History

 History

Take a look back at just a few of the special places that used to make us smile.

By Leo Deluca

Lakeside Amusement Park (1890–1964)

In 1886 a 50-foot-high, 320-foot-round cyclorama depicting the Civil War’s Battle of Gettysburg was erected in west Dayton across from the Soldiers Home. Three years later, in 1890, Lakeside Park opened on a 7.5-acre swath of land near the cyclorama, becoming a beacon of entertainment for the Miami Valley. Lakeside was the pinnacle of Dayton amusement parks until its closing in 1964.

“Among attractions and concessions in the park lineup are Caterpillar, Octopus, Cuddle Up, Paddle About, Merry-Go-Round, shooting gallery, Pretzel, Merry Mix-Up, Whoopee, Magic Carpet, Moon Rocket, kiddie ride, Flying Skooter, six refreshment stands and 10 game concessions,” wrote The Billboard in its July 1, 1950, edition.

Lakeside also featured the popular Wildcat roller coaster, a 48-figure, hand-carved carousel; Amuseland penny arcade and the romantic Flying Turns ride (where one person rode on another’s lap).

But the Crystal Room dance hall (later renamed the Lakeside Palladium) was the park’s largest money-maker, bringing in national acts such as Glenn Miller and Jimmy Dorsey.

Fairview Park (1897–1915)

Advertised as “the park with a roof of trees” Fairview Park was built on the corner of North Main Street and Fairview Avenue at the end of a trolley line. Designed to entice trolley riders, Fairview featured a spring-fed lake with a beach and swimming area, a high-thrill water ride called Shooting the Chutes and the Figure 8 roller coaster.

But when famed Dayton inventor Charles F. Kettering designed the starter motor, debuting his game-changing invention on the 1912 Cadillac, it brought the automobile into the 20th century and people began abandoning the trolley for automobiles. Fairview Park closed in 1915.

White City Amusement Park (1907–1910)

Including a theater, dance pavilion, rides and canoeing, White City Amusement Park billed itself as a family-friendly establishment. Liquor and gambling were prohibited and free vaudeville acts and concerts were featured in its 1,500-seat theater.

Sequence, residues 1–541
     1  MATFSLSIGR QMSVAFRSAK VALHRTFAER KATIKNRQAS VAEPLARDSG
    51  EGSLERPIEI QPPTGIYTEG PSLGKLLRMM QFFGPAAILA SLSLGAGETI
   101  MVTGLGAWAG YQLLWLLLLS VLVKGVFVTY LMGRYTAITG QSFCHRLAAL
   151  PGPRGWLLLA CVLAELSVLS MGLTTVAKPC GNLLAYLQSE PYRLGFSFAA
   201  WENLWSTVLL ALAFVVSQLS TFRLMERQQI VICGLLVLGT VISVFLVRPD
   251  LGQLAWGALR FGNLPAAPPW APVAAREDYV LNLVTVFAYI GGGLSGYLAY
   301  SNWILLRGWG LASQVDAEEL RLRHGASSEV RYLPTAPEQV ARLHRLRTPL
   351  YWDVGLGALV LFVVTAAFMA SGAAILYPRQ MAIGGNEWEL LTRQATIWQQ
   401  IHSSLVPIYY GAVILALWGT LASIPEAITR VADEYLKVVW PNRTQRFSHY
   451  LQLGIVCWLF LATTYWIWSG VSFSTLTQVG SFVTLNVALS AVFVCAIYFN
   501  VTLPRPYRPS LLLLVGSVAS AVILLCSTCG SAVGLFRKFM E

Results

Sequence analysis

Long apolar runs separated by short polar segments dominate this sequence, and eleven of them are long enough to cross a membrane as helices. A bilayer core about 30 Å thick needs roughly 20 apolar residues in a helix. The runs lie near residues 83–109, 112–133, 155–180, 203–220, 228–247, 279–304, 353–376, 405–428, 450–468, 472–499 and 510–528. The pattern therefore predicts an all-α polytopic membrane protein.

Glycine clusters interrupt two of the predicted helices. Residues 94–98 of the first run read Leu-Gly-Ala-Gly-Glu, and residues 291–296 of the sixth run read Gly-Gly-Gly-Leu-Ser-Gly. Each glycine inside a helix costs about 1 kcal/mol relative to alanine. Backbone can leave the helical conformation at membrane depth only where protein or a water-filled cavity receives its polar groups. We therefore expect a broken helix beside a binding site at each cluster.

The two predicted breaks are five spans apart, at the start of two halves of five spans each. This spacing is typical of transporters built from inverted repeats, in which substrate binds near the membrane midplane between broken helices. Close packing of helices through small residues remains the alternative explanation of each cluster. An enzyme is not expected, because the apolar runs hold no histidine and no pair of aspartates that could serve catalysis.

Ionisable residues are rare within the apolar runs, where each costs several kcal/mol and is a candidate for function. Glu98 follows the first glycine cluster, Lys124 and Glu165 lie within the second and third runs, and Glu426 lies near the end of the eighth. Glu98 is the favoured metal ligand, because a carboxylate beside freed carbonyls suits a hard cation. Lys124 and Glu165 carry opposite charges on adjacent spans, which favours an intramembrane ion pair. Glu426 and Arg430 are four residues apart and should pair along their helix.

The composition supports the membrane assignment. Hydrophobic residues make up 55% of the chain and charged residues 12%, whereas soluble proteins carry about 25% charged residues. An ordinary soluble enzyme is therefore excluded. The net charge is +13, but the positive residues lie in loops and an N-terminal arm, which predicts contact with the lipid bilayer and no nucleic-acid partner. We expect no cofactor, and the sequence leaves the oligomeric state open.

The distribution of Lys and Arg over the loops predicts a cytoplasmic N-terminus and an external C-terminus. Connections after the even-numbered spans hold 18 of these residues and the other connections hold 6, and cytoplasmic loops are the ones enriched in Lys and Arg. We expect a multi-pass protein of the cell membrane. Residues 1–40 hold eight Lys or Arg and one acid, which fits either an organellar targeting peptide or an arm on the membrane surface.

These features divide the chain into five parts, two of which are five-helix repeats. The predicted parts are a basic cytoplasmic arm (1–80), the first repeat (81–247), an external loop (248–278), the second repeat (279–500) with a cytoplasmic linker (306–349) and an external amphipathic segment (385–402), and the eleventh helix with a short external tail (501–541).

Hindu fortune tellers were a White City highlight and other entertainment options included a roller coaster, pool hall, dance hall, swimming pool, pony track, plays at Mock Cuoy Chinese Laundry and ominously named rides such as Circle Wave and Doomsday.

The Great 1913 Flood wreaked havoc on White City. In 1914 the city of Dayton took over renaming it Island Park.

Frankie’s Forest Park (1928–1958)

Many regional residents remember Forest Park Plaza, the popular North Main Street shopping hub in Harrison Township. In the 1960s and 1970s Forest Park was the place to be.

But before it was a shopping center Forest Park was an amusement park. Renamed Frankie’s Forest Park in 1935 it featured a speedway where crowds gathered on Friday and Sunday nights to watch stock car and midget auto races and its Circle Ballroom was a 1,100-capacity dance hall that showcased local bands.

“Forest Park’s lineup includes a Roller Coaster, Ferris Wheel, Merry-Go-Round, Scooter, Frolic, miniature train, Tilt-a-Whirl, Looper, 12 rides in the Kiddieland, restaurant and game room, Penny Arcade, shooting gallery, six game concessions and six eat and drink stands,” wrote The Billboard in its July 1951 edition. 

In 2013 the plaza was razed, leaving any trace of Forest Park to the fond memories of its visitors. 

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